January 20, 1953
COMMONWEALTH EX REL. EISEN
William Brodsky, Philadelphia, for appellant.
Wesley H. Caldwell and Michael Saxe, Philadelphia, for appellee.
Before Rhodes, P. J., and Hirt, Reno, Dithrich, Ross, and Gunther, JJ.
[ 172 Pa. Super. Page 406]
The present appeal must be viewed against a background of prior litigation covering a period of nearly nine years. On December 23, 1943, the Municipal Court of Philadelphia entered an order directing Clement Eisen to pay the sum of $40 a week for the support of his wife, Leah Eisen, and their two minor children. On April 4, 1949, the order was reduced to $30 a week for the wife and one child, the elder child having attained majority. On January 25, 1950, the order was reduced to $20 a week for the wife alone, the second child having then attained legal age. Under each order the husband had the duty to pay an additional sum for 'carrying charges' on certain real estate held by the entireties, located at 1719 68th Avenue, Philadelphia. A petition to vacate the order of
[ 172 Pa. Super. Page 407]
January 25 was filed by the husband and dismissed by the court on August 17, 1950. The petition now under consideration which was filed on May 23, 1952, was one to vacate or, in the alternative, to reduce the support order of $20 a week plus carrying charges on the aforementioned entireties real estate. A petition for attachment was filed by the wife. The court below reduced the order of support to $10 a week and dismissed the petition for attachment. From that order the wife has appealed to this Court.
The evidence adduced at the hearing may be summarized as follows: Eisen testified that the last work he had been physically able to do was in 1950 when he worked as a carpenter for ten weeks and earned the sum of $1,000. Prior thereto he had operated a lumber and millwork business, jointly owned by husband and wife. Eisen testified that his wife would not permit him to operate it himself nor would she permit the leasing of it to others to run, and she tacitly admitted her obstruction. He further testified that he was unable to work because of a diabetic condition and because he has 'poor blood circulation'. At the time of the hearing (June 23, 1952), he testified that his sole source of income was rentals arising from a rooming house which he owns and in which he lives. The gross income is 'about $4,000' and his net income $1,500, as shown by his income tax return prepared by a public accountant. With respect to the cost of treating his illness, he testified that he visited a doctor twice a week, paid $5 for each visit and that insulin cost him $2.80 a week.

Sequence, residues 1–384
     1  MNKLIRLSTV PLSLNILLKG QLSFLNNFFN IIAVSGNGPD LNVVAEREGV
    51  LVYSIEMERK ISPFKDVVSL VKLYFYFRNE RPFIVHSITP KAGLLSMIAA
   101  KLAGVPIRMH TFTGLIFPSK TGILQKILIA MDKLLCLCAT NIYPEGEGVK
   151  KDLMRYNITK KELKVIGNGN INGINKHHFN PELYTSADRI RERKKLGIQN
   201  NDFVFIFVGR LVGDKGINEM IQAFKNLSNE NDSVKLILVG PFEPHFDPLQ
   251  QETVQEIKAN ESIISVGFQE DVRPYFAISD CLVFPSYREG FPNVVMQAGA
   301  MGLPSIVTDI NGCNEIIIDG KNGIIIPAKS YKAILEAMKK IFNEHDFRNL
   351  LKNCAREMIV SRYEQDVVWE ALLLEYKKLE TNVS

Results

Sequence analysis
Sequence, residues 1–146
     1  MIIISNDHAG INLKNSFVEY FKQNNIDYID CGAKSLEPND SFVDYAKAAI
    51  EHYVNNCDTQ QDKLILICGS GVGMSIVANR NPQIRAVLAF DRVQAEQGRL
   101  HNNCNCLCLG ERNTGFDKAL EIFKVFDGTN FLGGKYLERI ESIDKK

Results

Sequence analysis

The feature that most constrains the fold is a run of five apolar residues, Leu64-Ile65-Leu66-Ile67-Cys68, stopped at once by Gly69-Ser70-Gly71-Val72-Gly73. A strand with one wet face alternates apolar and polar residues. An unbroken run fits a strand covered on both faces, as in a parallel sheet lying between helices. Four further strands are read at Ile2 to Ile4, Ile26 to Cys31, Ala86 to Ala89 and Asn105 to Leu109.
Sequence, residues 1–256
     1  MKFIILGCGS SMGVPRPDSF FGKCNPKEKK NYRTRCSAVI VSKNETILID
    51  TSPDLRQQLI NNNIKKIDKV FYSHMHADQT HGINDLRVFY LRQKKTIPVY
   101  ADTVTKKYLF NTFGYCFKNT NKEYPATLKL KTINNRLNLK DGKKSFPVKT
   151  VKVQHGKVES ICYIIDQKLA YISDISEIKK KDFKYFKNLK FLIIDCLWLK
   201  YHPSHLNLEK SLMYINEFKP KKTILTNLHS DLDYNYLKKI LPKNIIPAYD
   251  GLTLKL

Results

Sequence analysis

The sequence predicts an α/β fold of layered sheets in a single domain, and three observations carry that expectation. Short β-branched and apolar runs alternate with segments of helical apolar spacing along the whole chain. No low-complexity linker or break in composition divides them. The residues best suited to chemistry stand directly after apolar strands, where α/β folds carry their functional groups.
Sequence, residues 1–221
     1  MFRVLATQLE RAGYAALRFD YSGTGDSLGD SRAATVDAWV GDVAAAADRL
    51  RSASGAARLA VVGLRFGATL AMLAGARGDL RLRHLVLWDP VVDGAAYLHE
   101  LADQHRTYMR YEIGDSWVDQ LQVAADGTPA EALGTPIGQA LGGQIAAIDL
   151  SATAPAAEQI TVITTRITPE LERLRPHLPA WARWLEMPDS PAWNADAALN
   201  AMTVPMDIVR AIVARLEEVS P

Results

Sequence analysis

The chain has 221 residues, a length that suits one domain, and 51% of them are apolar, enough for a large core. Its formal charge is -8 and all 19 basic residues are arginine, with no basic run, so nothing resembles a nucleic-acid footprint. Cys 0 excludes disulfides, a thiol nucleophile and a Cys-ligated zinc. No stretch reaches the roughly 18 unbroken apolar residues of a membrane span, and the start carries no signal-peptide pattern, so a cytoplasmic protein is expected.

The appellant introduced into evidence photostatic copies of her husband's bank statements which disclose that he made deposits totaling $4,398.45 from January 3, 1952 to June 17, 1952, and it is her contention that her husband's bank deposits between January
[ 172 Pa. Super. Page 4083]
, 1952 and June 17, 1952 show that he had a source of income 'in addition to the rents'. It is argued that since the deposits over that period of approximately six months exceed one-half of his admitted gross income from rents, it necessarily follows that he had a second and undisclosed source of income. With this argument we cannot agree. In the first place, $1,000 of the money deposited during the period in question was earned by the husband in 1950 when he was able to do carpentry work. Furthermore, there is no evidence with respect to Eisen's banking habits. It is entirely possible that part of the money deposited during the period under discussion represented rental income collected prior to January 3, 1952 but not banked until thereafter. In any event the matter of Eisen's bank deposits was fully considered by the learned court below.
The court below found: 'His [Eisen's] sole source of revenue is a rooming house which he operates. Because of his physical condition he is able to perform only light work, such as entailed in the type of work he is doing now, that is, operating the rooming house. His total earnings are not likely to exceed the sum of $40.00 per week. When we take into consideration his diabetic condition, which will require medical treatment, plus expenses for insulin, etc., his net weekly income will be not more than $30.00.' Upon these findings, the court based its decision to reduce the order of support to $10 a week.
In a case of this nature we do not interfere with the determination of the court below unless there is a clear abuse of discretion, Commonwealth ex rel. Crandall v. Crandall, 145 Pa. Super. 359, 21 A.2d 236, and in the record before us we find no such abuse of discretion.
The order is affirmed.
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